Congratulations to MFA in Creative Writing Alumna Lauren Haynes for Successful Law School Admission Results
- Joseph Shoulders
- Tuesday, April 20th, 2021
Lauren Haynes, from Madison, Va., graduated from WKU’s Master of Fine Arts in Creative Writing program in August 2020. She recently received the impressive results of her applications to law schools. Haynes was accepted into Temple University, Villanova University, University of Cincinnati, Dickinson Law, Penn State University, Seton Hall University, and University of Pittsburgh with full tuition, and she was accepted into Washington University, George Washington University, College of William & Mary, and University of Minnesota with partial tuition. Haynes has decided to attend the University of Pittsburgh.
In an interview, Haynes described the factors she considered in her application process. She said, “It was difficult deciding where to apply initially, simply because there are so many great options. My primary considerations were the availability of public interest opportunities and campus environments that fostered a sense of community and service. I found talking to current students and faculty members, as well as analyzing the profiles of alumni, to be particularly helpful in my decision process. Ultimately though, I had a very difficult choice to make, and location was the deciding factor between otherwise equally great options in terms of job opportunities, bar passage rates, and financial factors.”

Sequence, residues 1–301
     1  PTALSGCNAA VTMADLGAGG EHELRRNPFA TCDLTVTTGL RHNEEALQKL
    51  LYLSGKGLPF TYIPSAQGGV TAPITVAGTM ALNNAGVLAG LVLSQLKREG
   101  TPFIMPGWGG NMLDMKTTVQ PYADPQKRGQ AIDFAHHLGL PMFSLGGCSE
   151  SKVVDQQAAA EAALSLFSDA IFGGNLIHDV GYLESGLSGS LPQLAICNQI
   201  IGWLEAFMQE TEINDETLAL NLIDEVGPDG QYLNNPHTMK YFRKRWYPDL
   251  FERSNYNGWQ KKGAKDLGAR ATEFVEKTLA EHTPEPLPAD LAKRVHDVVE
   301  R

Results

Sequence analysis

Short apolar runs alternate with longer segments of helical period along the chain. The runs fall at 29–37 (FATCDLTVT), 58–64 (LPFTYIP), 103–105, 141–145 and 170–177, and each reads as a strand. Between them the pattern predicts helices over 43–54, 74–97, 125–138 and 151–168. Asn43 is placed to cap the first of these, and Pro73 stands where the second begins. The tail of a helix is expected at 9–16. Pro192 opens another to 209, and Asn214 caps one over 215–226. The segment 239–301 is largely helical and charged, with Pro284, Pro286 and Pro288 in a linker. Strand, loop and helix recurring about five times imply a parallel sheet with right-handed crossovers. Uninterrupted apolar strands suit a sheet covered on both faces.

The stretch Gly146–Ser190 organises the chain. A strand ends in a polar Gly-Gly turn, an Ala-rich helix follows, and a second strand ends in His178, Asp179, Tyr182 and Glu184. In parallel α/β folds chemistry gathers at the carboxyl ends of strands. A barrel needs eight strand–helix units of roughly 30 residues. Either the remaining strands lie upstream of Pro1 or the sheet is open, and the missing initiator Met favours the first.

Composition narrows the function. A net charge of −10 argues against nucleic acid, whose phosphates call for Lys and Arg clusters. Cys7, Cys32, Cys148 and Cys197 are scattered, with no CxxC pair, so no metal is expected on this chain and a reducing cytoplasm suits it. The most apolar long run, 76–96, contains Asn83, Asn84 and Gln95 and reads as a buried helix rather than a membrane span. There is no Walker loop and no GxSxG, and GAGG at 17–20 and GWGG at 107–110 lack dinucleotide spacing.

Haynes also discussed the role the WKU English Department served in preparing her for law school. “WKU English was instrumental in helping me develop the leadership, creative problem solving, and analytical skills necessary for a successful career in law,” she said. “WKU’s English Department is a powerhouse of great minds, passionate instructors, and rigorous content that will prepare students for success.”
Haynes mentioned specific experiences that impacted her. “I’d especially highlight working with Dr. Hall in the Gender & Women’s Studies and Embedded Tutor programs, developing my thesis with Dr. Bell’s guidance (as well as Dr. Knoll and Dr. Rigby’s immensely helpful input), and shadowing Fabián Álvarez, my mentor for teaching English 100. I learned so much from working with these instructors outside of the classroom,” Haynes said. “Also, I’d like to shout out Dr. Zubel’s Literary Theory class, which was an incredible opportunity for cross-curricular approaches to studying texts, and I’d recommend it to any student with an interest in law just for the rigor of the texts and discussions.”
Haynes then shared her future goals. She said, “I'm keeping an open mind about my specific area of legal practice, but I am most interested in working to build more equitable systems. For this reason, I gravitate towards public interest, family/juvenile, criminal, immigration, and environmental law. In the future, I hope to be an advocate for positive change, especially for marginalized communities, and I also will continue pursuing my creative writing career.”